Young people know, intuitively, that sexuality and sex (of any kind, even if we’re talking masturbation instead of partnered sex) offers them not just potential risks, but potential benefits. It’s not like they’ll only know or discover it’s about pleasure if I, or anyone else, tells them that it is.
When Scarleteen first came around in the late nineties, there really wasn’t anything else about sex for young people online. Thankfully, in the interim, that has changed. However, many other organizations only or centrally approach teen and young adult sexuality within a framework of risk-assessment of unwanted or negative physical or emotional outcomes. We talk about those issues as well, but even in addressing those possible outcomes (rather than the good stuff) we’re always acknowledging that exploring our sexuality and engaging is sex presents risks of positives and wanted outcomes, too. We afford teens who choose to be sexually active with just as much respect and faith in their ability to make sound choices and those who choose not to.
That approach and philosophy certainly makes it harder to get supported as an organization, because it’s strangely seen as provocative to address young adult sexuality that way. However, it’s not only much more truthful, but hopefully helps (and the youth do express that it does) young people discover and create a sexual life that offers them a lot more than just not getting sick or not having their hearts broken.
Additionally, very few YA sex ed initiatives are as inclusive of all gender identities and sexual orientations as we are. That’s important no matter what, but it’s been all the more critical with the advent of abstinence-only sex education, which either leaves GLBTQ youth out of the picture altogether, or sends strong messages that it is immoral or unacceptable to be anything other then gendernormative or heterosexual.
How has what you’ve done or found at Good Vibrations helped you?
Good Vibrations simply EXISTING has helped me. I have Good Vibes to thank for there even being an environment for me to do what I do the way that I do it. Historically, GV played, and still plays, more than a minor part in changing some of the cultural conversation around sex and pleasure, particularly for women.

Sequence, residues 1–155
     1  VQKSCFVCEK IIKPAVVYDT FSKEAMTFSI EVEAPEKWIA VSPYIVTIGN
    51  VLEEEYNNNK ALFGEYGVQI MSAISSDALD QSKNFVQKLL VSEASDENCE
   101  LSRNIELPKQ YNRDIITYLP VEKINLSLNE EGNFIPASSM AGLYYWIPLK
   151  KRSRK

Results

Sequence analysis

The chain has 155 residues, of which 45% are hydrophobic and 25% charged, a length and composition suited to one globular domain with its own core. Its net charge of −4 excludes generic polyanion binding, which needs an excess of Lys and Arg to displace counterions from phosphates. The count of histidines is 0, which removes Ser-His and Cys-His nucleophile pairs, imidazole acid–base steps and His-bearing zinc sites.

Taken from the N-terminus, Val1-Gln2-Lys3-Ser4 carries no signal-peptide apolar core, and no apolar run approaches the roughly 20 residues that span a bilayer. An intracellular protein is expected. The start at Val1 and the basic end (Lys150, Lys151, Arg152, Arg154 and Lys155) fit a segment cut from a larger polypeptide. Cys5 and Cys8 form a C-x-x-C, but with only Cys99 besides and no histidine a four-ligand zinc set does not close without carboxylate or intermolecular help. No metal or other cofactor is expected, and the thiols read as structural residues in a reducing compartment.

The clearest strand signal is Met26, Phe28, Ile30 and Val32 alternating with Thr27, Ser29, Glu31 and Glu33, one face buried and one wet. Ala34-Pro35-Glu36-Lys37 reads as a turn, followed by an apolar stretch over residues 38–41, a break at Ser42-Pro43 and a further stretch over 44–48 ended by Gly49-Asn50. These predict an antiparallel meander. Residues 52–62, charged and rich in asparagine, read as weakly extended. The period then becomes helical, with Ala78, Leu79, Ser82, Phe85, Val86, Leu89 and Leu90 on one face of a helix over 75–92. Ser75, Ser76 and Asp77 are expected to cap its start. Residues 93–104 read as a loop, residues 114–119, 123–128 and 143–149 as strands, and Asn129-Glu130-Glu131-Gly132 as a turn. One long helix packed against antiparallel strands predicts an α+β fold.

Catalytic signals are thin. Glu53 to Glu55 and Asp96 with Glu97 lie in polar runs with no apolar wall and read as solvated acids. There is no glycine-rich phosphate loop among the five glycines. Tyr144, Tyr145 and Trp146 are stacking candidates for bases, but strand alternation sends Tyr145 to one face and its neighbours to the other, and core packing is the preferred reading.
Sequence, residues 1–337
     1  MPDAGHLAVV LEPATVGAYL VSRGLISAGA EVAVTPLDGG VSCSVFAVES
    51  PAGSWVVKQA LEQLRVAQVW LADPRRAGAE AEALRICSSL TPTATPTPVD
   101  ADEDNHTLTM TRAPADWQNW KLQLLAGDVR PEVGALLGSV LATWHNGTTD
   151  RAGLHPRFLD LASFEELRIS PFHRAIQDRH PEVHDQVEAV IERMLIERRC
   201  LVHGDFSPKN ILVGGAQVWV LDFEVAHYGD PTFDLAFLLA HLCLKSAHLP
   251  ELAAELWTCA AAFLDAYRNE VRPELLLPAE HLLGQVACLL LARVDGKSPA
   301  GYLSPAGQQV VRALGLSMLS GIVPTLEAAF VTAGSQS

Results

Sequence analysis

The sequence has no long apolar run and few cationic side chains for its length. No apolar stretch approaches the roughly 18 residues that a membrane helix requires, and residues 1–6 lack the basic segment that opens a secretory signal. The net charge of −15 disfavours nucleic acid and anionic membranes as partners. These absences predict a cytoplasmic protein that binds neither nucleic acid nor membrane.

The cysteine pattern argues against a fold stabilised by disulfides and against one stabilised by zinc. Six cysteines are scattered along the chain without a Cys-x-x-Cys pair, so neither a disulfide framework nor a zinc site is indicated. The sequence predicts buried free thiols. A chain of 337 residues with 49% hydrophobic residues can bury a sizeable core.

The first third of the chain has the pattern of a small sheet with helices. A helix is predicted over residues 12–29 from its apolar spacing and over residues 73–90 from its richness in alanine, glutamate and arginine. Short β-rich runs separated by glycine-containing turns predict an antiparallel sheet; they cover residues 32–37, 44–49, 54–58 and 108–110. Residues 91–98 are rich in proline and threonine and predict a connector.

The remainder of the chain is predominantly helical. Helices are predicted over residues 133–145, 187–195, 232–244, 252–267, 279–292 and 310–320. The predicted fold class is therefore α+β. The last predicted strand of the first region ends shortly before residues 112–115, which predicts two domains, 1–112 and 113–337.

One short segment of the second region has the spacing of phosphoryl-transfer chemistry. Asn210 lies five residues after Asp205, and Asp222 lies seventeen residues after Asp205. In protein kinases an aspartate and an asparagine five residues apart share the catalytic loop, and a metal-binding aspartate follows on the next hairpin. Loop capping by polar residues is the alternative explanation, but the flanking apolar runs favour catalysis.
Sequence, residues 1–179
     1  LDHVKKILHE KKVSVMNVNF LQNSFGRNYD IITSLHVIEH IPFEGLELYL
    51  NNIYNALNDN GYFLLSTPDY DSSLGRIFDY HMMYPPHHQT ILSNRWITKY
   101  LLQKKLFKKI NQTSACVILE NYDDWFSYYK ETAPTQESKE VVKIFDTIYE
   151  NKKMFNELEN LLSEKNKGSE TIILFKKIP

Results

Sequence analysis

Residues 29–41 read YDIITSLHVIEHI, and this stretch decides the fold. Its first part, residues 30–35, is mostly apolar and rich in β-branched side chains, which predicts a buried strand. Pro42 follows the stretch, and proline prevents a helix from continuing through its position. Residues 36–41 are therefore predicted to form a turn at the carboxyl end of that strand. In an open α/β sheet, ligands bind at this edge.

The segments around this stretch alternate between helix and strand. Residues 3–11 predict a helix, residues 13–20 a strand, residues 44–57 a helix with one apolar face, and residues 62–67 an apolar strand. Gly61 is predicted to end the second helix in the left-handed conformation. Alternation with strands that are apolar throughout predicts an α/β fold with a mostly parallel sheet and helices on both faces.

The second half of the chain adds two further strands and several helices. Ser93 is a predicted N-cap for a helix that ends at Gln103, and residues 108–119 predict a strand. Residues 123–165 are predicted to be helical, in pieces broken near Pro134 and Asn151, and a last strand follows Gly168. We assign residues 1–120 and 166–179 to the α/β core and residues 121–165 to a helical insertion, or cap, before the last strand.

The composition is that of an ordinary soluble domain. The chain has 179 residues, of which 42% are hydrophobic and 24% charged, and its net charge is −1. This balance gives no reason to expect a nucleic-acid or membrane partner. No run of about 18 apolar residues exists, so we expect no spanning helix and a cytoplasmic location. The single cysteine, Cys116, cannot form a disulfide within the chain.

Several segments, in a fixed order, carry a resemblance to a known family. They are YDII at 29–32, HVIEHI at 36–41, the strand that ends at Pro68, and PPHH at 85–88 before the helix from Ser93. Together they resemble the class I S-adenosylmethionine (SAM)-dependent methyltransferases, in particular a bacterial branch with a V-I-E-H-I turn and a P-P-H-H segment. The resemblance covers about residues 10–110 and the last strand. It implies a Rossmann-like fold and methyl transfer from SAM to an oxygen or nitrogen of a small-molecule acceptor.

What would be your number one piece of advice for someone interested in a career of sex education?
Remember that your goal shouldn’t be for you to become the capital-E expert, but to guide and help others become the experts of themselves.
What’s the best thing you’ve learned or best advice you’ve received?
Really, it’s the most basic, core stuff all of us who are educators tell people in the education we’re giving all the time; things that are even cliche. Listen to and trust your instincts. Follow your bliss. Tell the truth. Take good care of other people. Accept diversity. Be yourself.
These are not golden nuggets of wisdom I only ever heard or learned in doing sex education. But when you speak them in the context of educating, and see and hear them reflected back, especially by young people, you can feel and get their deeper import, the real weight of them and stay perpetually reminded that it’s this core stuff that’s the heart of everything.
What do you think is the biggest misconception about sex?
That sex is about product, nor process. Like the idea that there is one “right” or “expert” way to do something sexual. In other words, the notion that a person can, for instance, learn how to engage in oral sex with one or two partners and thus, have oral sex “down” and assure all partners thereafter will be totally satisfied with that one particular approach, so long as oral sex is done in the way it was with the partners that enjoyed it before.
For sure, accumulated sexual experience can benefit us or our partners, but that benefit really comes from how we can become more comfortable being sexual with other people, how we acquire and improve communication skills, and how we — hopefully! — learn that we’re always learning anew with every new partner, not from the ability to move our tongue in this way or that just because that’s what one or two people liked or reached orgasm with. If what we experience and take away from sexual experiences is more about product than process, that experience can sometimes offer us or our partners nothing at all, or even create a barrier to sexual satisfaction because we’re so hung up on getting results that we miss out on really engaging in unique, holistic experiences.